There are three basic ways in which an investor can exit its investment in a fund: (i) through the secondary market; (ii) through the normal course exit at the end of the life of the fund; and (iii) through early termination of the fund, including by a vote of the investors to remove the investment team without replacing it.

During the life of the fund, an investor that wishes to liquidate its investment in the fund can attempt to find a buyer for its fund interest. If the fund is unsuccessful, the investor may be unable to find a buyer and/or may be required to accept a substantially discounted purchase price for its investment. As discussed in greater detail in Q&A 14, a sale on the secondary market will generally require the consent of the investment team. With such consent, the transferee would typically assume any obligations to make remaining unfunded capital commitments.

Each fund agreement provides for the disposition of investments at the end of the life of the fund (e.g., 10 years from the date of formation, which can be extended by the GP or with the consent of the Advisory Committee or the investors) and its subsequent liquidation. The fund may have the authority to distribute non-marketable securities to investors.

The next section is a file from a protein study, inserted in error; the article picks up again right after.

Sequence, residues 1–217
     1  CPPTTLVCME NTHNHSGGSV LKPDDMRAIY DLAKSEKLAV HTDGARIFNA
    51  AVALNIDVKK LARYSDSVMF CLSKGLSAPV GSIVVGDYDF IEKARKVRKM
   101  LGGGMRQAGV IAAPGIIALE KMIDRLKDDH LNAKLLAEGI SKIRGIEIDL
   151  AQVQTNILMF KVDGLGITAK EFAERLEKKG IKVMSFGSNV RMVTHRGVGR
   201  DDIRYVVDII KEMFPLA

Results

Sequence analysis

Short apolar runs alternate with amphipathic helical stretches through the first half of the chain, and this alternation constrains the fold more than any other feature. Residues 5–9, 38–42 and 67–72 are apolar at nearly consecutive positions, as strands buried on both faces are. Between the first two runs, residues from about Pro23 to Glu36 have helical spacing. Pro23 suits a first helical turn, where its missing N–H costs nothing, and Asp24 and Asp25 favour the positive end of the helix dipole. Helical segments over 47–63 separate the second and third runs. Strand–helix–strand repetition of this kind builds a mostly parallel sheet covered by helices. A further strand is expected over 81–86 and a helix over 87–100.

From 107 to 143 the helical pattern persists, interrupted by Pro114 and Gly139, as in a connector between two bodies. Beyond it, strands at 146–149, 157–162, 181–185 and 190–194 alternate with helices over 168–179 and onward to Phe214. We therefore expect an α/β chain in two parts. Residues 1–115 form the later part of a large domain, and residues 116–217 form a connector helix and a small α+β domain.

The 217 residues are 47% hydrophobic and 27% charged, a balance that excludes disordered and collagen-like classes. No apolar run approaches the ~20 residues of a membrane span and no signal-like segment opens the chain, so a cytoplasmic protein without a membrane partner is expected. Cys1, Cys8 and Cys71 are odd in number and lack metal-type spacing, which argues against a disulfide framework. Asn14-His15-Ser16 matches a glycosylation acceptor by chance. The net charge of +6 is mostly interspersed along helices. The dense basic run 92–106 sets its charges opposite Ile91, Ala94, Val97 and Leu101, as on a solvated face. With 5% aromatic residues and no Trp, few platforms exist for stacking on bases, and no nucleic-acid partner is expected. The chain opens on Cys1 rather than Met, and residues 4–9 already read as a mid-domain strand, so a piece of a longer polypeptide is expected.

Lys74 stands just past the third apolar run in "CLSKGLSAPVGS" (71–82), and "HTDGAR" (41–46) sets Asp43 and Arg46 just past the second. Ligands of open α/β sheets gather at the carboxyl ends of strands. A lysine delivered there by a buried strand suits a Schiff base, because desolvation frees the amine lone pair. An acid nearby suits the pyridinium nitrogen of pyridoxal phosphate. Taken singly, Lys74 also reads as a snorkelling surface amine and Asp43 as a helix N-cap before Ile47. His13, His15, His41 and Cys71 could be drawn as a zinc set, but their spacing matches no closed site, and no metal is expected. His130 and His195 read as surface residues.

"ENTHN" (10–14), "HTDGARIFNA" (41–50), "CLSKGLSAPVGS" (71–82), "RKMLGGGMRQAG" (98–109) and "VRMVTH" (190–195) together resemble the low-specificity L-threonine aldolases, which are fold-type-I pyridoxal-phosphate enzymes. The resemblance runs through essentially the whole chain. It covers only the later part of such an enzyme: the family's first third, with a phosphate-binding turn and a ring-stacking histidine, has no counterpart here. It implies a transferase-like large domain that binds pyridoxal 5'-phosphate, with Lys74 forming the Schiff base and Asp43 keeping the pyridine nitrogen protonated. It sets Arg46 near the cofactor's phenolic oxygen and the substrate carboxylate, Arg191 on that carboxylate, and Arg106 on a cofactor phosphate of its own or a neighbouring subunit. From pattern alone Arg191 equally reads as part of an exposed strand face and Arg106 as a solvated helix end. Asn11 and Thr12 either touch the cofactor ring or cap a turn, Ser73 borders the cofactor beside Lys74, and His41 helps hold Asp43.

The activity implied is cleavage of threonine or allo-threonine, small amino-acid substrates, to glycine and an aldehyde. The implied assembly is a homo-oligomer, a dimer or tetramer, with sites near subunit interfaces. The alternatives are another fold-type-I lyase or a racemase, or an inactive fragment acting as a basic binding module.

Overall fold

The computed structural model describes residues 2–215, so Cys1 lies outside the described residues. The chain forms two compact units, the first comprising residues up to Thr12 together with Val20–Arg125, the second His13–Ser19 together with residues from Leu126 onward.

Finally, as discussed in greater detail in Q&A 11(c), investors often negotiate for the ability to exit the fund and/or cease making otherwise required capital contributions, including when (i) continued investment would violate applicable law; (ii) a certain proportion of the investors decide to remove the investment team and do not subsequently appoint a replacement investment team; or (iii) a certain proportion of the investors decide to dissolve the fund. In the cases of (ii) and (iii), the fund's assets would be liquidated and/or distributed in kind, thereby providing an exit for all the investors.